"Fearlessness is the first requirement of spirituality. Cowards can never be moral." -- Mahatma Gandhi

Monday, April 25, 2011

Eckhart Tolle Part I: Ego, Silence, Being and Enlightenment

Enlightened spiritual teacher, Eckhart Tolle,
best-selling author of "The Power of Now"
and "The New Earth: Awakening to Your
Life's Purpose

In an uncut three-part interview, best-selling author and enlightened spiritual teacher Eckhart Tolle, a German-born modern-day mystic who lives in Vancouver, sat down with the Canadian Broadcasting Company's Sandra Abrams to discuss internal silence and being, the nature of the ego and his own enlightenment experience, as detailed in his books "The Power of Now" and "The New Earth: Awakening to Your Life's Purpose."

"Most people have a voice in their head which is the usual thought processes that they are usually identified with," says Tolle. "So for most people that is their basic reality, that 'voice in the head'. And, they are so identified with these continually arising thought processes," he notes, "that they don't even know that they are identified with every thought that comes to them. They don't know that there is a 'voice in the head' because they are the 'voice in the head.'"

"To find that there is another dimension inside you," says Tolle, "where this mental noise is not operating for a while, that is like finding a depth inside yourself that perhaps you didn't know was there. And that," he notes, "essentially is a spiritual dimension. So it is really about finding that dimension in yourself where the continual mental noise for a while subsides".

"There is still an awareness of noises that you hear," he explains, "or your eyes may be open (and) you may be looking at things, but you are not labeling the noises that you hear. You are not interpreting them. You know they are there," he observes, "but you are not labeling them. The compulsive labeling that most people live with subsides for a while, and that is a tremendous liberation."

"Everybody has time for a moment of space," Tolle observes, "and it could start with taking a single thing, like taking one conscious in-and-out breath occasionally while you are waiting at the bus stop or at the traffic light, or while you are going up and down in the elevator."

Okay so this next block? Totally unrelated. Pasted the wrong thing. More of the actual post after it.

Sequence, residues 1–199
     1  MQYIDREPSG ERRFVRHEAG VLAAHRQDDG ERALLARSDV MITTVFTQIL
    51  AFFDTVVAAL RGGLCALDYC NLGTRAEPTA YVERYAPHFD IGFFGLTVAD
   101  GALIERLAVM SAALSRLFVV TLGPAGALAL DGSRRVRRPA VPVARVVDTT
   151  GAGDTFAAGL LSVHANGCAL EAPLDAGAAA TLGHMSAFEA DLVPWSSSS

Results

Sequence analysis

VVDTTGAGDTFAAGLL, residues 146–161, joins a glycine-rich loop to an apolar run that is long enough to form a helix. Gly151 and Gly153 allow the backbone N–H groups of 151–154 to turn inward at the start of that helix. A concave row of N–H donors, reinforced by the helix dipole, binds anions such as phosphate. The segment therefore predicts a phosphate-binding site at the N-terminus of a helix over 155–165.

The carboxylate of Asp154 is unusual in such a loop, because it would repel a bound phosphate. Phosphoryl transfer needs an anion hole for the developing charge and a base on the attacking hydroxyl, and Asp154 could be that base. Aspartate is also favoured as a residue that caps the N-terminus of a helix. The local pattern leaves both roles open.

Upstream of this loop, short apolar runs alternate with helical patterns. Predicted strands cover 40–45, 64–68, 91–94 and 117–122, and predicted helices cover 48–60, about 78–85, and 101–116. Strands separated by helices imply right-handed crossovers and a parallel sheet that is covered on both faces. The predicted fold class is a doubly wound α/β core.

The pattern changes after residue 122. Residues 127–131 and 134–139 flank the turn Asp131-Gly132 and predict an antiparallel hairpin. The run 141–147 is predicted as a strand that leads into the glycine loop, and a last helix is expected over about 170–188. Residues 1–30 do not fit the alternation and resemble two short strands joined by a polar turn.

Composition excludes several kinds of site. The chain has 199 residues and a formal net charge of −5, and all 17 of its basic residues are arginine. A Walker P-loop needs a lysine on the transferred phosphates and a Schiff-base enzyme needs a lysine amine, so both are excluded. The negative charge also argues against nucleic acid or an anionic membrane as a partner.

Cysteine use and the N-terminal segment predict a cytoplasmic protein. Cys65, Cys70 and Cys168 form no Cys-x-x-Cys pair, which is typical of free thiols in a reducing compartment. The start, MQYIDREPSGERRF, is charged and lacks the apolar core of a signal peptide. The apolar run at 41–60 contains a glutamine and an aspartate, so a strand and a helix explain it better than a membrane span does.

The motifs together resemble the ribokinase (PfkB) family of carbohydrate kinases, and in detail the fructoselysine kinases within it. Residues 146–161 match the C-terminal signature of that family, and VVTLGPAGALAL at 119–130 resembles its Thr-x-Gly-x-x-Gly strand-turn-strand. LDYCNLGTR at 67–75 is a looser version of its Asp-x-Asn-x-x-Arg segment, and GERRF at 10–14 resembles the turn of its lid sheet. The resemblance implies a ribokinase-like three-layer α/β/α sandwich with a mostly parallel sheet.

"Instead of mentally projecting yourself forward to the next thing you have to do, that you are going to, or that you haven't done, why not take a moment," he asks, "when you are simply conscious of your breath?"

"Breathing in, the breath is always there, so you just put some attention on that. One conscious in-breath, feel the air going into the body, and one conscious out-breath.  During that space you have taken attention away from 'the voice in the head,'" Tolle notes, "and a little bit of space has opened up inside you. In that little space," he observes, "you feel a bit more alive. There is a certain aliveness and power in that space. Its not just nothingness; there is a power in there."

"Just to experience that you are not your thoughts" is a liberating experience that not many people find Tolle observes. "You are the awareness behind your thoughts. And to know that, you have to find that little spot inside you. In the silence."

Tollle concludes Part I of his CBC interview by talking about the dysfunction of the ego and the role it has played in human history, particularly recent human history.

"The ego is a mind-made sense of self," he explains. "The ego has a certain structure to it, (and) it needs certain things to survive.  It needs to emphasize the 'otherness' of others. It needs to judge people. It needs to immediately conceptualize and define a person that you meet. Immediately you will find judgment arising, and comparison arising. The image of who I am, (and) how does that compare to the other person. Inferiority? Superiority?" These are the ordinary functions of the ego, of which far too many people are wholly unaware, he explains.

"So there is a basic dysfunction built into the structure of the ego that works both on a personal level and on a collective level," Tolle says. And, it appears to be profoundly deep-seated and anti-social in its nature.

"There is this built in tendency to make the 'others' into enemies," he notes. "Why is that? Because the ego needs to emphasize the 'otherness.' By creating enemies outside, you have a stronger sense of who you are. But it is a false sense of who you are," he notes, pointing to the senseless wars of the 20th century.

"There is a very strong element of dysfunction in the human mind. And, really, this is what we are addressing when we become more conscious of compulsive thinking, and (when) we become conscious that we have been deriving our sense of self from what we have been telling ourselves in our minds of who we are."

"Then suddenly," says Tolle, "we see this operating in ourselves; we see this unconscious process . . . and by seeing it another dimensions has arisen. It is a profound "Awareness"" or Presence," as he calls it.

See: Eckhart Tolle Part II: Fear and Awakening

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